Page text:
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There's a bug in all releases of our performance counter library that may cause the creation of an instance with a name that has been previously used as an instance but that has been released to fail by connecting the new instance to the previously released instance data structure. The bug is in PerformanceDataBlock.cpp, the else if around line 167 in AllocateObjectInstance() should be changed from: if (pInstance->NameLength == 0 && !pFirstFreeInstance) { pFirstFreeInstance = pInstance; firstFreeInstanceIndex = i; } else if (0 == memcmp( reinterpret_cast<byte *="">(pInstance)+ pInstance->NameOffset, unicodeInstanceName.c_str(), unicodeInstanceNameLength)) { allocationDisposition = ConnectedExisting; to if (pInstance->NameLength == 0 &&…

Race condition during service shutdown

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There's a race condition in the service shutdown code which is most likely to show up if there's an exception thrown from your implementation of ContinueService(), PauseService() or StopService() but that could show up during any service shutdown sequence. This race condition is present in all versions of the Service Library and so far has only been reported by one client. A fix is available, please contact me directly if you need it, or think you need it. The fix will be included in the 6.1 release of The Server Framework which currently has no scheduled release date. Thanks to Richard and…
Eric Lippert has an interesting blog posting (here) on how sometimes you can be so focused on fixing the bug you fail to step back and take a better look at the actual problem that you're trying to solve. I'm guilty of this and, with me at least, it doesn't only apply to bug fixes. Sometimes I can become overcommitted to a design to the point where I don't recognise that it's just one design option I treat it as the only design option. I suppose it's to be expected, especially when you've already committed a lot of thought to…

New Windows Services library

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I'm currently working on a new version of the Windows Services library that ships as part of the licensed I/O Completion Port Server Framework. The Services library allows you to turn your server into a Windows Service very easily and also allows you to run it as a normal executable inside the debugger, etc. It integrates nicely with our Performance Monitoring library for exposing perfmon counters and comes with several example servers that show you how to use it (see here and here). The library hasn't changed much for many years, it was originally put together back in around 1997…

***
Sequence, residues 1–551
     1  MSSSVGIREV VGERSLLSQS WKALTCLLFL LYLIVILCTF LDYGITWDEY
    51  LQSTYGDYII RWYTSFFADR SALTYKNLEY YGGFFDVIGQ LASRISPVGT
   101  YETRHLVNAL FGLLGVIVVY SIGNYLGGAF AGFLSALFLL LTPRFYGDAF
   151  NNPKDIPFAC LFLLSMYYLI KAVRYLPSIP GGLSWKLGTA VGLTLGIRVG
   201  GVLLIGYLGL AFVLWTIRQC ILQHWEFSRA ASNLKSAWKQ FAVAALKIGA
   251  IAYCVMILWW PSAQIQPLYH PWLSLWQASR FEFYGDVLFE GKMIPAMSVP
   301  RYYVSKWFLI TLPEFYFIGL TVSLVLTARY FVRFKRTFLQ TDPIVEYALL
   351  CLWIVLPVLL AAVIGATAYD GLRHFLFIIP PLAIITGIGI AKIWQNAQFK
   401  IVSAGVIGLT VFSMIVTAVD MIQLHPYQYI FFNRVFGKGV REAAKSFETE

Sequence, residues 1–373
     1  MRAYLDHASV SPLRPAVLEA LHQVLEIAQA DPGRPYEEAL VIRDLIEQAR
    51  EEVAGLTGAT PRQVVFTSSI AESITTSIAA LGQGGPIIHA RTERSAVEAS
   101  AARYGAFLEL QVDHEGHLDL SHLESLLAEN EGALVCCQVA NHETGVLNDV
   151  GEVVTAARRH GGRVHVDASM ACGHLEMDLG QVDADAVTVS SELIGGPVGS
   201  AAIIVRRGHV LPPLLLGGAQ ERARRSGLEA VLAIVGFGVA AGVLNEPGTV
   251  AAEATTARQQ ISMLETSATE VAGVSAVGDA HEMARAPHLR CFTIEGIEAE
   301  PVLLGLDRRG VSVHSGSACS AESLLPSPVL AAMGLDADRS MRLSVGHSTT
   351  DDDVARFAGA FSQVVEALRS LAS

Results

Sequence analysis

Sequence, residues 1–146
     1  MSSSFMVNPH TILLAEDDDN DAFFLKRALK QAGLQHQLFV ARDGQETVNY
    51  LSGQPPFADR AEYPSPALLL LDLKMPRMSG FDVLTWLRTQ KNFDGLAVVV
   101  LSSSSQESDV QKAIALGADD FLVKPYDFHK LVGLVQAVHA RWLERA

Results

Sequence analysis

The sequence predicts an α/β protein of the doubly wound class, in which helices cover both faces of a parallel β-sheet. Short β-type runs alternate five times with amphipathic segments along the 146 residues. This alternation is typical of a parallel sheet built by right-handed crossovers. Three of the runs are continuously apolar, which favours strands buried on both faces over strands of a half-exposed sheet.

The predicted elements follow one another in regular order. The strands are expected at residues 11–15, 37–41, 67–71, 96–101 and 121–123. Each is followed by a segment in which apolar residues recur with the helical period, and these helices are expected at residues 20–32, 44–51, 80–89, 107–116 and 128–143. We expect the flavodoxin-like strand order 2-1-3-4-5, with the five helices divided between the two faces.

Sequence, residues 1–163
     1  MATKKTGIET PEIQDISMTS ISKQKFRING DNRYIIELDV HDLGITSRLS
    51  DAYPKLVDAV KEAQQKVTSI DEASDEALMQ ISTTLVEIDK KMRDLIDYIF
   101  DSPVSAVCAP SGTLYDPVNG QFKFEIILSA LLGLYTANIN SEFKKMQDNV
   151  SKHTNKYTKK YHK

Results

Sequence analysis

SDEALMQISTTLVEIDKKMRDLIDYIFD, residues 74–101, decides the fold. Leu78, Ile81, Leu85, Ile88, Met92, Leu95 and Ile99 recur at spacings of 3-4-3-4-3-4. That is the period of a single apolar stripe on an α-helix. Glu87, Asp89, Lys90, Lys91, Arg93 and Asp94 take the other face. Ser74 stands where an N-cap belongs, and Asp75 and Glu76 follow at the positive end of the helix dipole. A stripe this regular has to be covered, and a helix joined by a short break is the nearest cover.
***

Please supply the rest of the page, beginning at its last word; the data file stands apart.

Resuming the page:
Why not to compile as 64 bit...

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Here's a nice piece by Rico Mariani about why Visual Studio is unlikely to go 64 bit any time soon. In a nut shell, unless you have very large data sets that need to be kept in memory you might be worse off as a 64 bit process than you are as a 32 bit process on a 64 bit operating system. Food for thought.…
I've had a couple of requests from clients recently that they be able to handle any structured exceptions in The Server Framework themselves. Up until now all framework threads install a SEH translator and catch the resulting C++ exceptions in their outer catch handlers and report the error to the framework user via various mechanisms. This generally works well and, prevents exceptions going unreported but sometimes users want to integrate the framework with code that deals with uncaught structured exceptions in other ways. The latest version of the framework will include two new configuration defines that can be set in the Config.h…

Allocating page aligned buffers

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Back in October 2007 I briefly looked at, what seemed to be at the time, a simple change to The Server Framework so that you had the option to use buffers that were aligned to page boundaries. This could help you scale better as one of the two problems with scalability at the time was the 'I/O page lock limit'; there's a finite limit to the number of memory pages that can be locked at one time and in some circumstances data in transit via sockets is locked in memory whilst it is sent. Reducing the number of pages used, by making…

Where's the catch(...)

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As of the next release of The Server Framework use of catch(...) handlers at thread boundaries, in 'no throw' functions and in destructors will be configurable. At present, in v6.0 and earlier of The Server Framework, we use catch(...) judiciously at thread boundaries in functions that are either marked as 'no throw' (with throw()) or which are 'implicitly no throw' and in some destructors. Generally these handlers let the user of the framework know about the unexpected exception via a callback. Generally there's not a lot you can do about it except log it and hope to find the cause later. I've always felt…
I've been working on a library that works in a similar way to our SChannel code and allows the use of the Microsoft "Negotiate" Security Support Provider Interface (SSPI) to provide NTLM and Kerberos support (see SPNEGO for more details). Things are going well and, in general, using Negotiate or NTLM or Kerberos is easier than using SChannel and the structure that was originally born to work with OpenSSL and then adapted for SChannel works well with the new security providers. It has also been especially useful to have all of the various high level tests that I developed for…
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This page is an archive of entries from June 2009 listed from newest to oldest.

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I usually write about C++ development on Windows platforms, but I often ramble on about other less technical stuff...

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